Whether you’re new to the world of solar energy or have had solar panels for many years, battery storage can be an integral part of electrical power—especially when you remain connected to the power grid.
Storing the excess energy generated by your solar panels provides a reliable backup to your system. This way you'll always have energy on hand to power individual circuits in your home. In this blog, we’ll shine a light on how batteries work and how they can benefit your comfort and convenience.
How Do Batteries Work With Solar?
Most homes require more energy in the morning and in the evening when people are home, using appliances and electronics. During the middle of the day, when it’s more likely for a home to be empty, power demands go down.
However, the mid-day generally constitutes the most productive hours of the day for solar systems. Thus, the gap between energy production and energy consumption is at its most expansive during the day—meaning excess power is being generated, but not necessarily used by any devices. But, if you add a battery to your system—a lithium ion battery, which also happens to power every electric vehicle—you can store surplus energy to use as needed in your home.
Battery storage can be an integral part of electrical power—especially when you remain connected to the power grid.
To be clear, in most cases battery systems do not power your entire home. Instead, battery storage can be utilized to back up certain circuits within your home. In this way, batteries function much like power generators. For example, you can keep your refrigerator running during a power outage with a battery, helping to avoid the unappealing task of emptying spoiled food from the fridge. The battery array may be scaled up to provide “whole house” coverage, but the cost can mount.
Do Batteries Benefit The Electric Grid At Large?
During those peak power hours we mentioned earlier, demand on the electric grid can increase exponentially. This spike in demand (often referred to as the “duck curve”) causes the utility companies to scale up electricity generation, which often leads to energy disruptions. What’s more, the work that goes into generating a higher capacity of electricity is an expensive undertaking for the utility companies—leading to higher utility rates.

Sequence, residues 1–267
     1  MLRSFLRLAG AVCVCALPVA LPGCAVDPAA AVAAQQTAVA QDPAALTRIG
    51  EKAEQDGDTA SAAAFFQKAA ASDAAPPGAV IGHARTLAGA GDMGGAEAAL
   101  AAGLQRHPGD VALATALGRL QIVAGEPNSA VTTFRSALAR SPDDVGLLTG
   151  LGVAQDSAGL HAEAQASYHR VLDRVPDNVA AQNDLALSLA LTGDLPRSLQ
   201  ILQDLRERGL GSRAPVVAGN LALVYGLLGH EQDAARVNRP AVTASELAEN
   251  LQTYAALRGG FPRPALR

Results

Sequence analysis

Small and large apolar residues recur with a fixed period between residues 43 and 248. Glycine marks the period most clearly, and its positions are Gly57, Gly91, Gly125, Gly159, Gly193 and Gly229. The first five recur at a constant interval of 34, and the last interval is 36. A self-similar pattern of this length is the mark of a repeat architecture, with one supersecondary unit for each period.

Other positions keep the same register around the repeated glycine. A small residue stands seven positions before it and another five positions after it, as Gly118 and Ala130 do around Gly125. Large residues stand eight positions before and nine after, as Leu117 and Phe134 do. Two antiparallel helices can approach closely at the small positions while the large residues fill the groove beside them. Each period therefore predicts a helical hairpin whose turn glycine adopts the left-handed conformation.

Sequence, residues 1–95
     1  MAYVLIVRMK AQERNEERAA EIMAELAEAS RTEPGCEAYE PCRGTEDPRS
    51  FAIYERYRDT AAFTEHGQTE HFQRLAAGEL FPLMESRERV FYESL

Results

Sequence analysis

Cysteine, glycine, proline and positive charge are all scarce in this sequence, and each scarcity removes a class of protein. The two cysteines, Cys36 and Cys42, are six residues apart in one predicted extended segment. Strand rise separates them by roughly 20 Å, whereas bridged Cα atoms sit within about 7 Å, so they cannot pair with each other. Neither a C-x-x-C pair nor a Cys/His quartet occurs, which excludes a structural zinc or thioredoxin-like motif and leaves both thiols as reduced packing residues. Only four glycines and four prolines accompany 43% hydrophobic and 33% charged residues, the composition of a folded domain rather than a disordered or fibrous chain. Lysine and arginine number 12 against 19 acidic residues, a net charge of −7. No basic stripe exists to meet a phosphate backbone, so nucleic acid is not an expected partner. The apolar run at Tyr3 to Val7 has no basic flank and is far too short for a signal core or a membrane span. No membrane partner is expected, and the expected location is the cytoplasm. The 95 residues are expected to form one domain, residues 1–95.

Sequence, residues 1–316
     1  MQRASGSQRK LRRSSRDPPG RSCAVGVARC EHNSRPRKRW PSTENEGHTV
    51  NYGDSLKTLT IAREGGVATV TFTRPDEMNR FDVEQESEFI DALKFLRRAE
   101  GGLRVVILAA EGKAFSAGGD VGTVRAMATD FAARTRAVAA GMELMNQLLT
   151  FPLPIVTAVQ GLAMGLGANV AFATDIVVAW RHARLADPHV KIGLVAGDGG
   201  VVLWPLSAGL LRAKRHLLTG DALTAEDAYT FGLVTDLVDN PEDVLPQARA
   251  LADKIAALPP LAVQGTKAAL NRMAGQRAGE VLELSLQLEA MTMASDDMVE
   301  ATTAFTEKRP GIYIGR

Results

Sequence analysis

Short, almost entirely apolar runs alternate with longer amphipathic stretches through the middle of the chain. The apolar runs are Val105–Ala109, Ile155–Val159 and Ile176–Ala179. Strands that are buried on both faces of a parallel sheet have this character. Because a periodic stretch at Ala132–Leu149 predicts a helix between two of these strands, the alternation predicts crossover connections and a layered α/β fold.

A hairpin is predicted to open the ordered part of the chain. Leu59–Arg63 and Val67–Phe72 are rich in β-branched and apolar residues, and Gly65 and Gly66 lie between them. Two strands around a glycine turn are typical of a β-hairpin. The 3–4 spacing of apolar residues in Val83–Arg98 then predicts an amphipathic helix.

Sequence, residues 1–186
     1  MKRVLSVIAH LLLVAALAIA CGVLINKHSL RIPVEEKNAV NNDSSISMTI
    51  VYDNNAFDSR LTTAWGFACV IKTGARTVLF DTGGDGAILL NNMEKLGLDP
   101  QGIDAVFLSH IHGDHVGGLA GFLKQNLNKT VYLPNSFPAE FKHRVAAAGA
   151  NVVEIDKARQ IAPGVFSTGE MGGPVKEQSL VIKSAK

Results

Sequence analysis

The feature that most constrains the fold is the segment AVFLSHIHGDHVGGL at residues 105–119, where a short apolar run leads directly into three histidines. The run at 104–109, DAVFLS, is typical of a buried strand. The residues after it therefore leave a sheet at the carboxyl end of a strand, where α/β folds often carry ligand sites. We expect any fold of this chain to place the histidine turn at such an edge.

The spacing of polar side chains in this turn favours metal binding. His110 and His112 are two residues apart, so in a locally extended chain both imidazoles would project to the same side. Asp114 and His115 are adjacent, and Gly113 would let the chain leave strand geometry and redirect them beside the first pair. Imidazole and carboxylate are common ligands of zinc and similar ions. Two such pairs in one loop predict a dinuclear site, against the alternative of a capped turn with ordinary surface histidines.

Batteries could help to streamline the grid’s power production and distribution, potentially helping to flatten the duck curve. When you power certain circuits with battery storage, it can take some of the constant burden off of your utility company’s substation.
Most solar batteries boast five key features for homeowners to consider:
- Capacity: This is the amount of power a battery can store, measured in kilowatt-hours. Battery capacity tells you how long you can power your home solely with the energy you’ve stored in your battery.
- Power: The power rating determines how much power your battery is capable of delivering in one shot, measured in kilowatts. The higher the power, the more appliances you can power all at once.
- Depth of Discharge (DoD): The maximum percentage of a battery’s capacity that can be utilized without a recharge. DoD clues you into how much of a battery’s total capacity can be used without draining it.
- Round-Trip Efficiency: This feature measures the percentage of energy that’s generated by the solar battery that can be used to power your home and how much is needed to power the battery itself.
- Warranty: Helps you determine the “shelf life” of your battery. Much in the way an older cell phone doesn’t hold onto a charge as long as a newer model, batteries also degrade over time.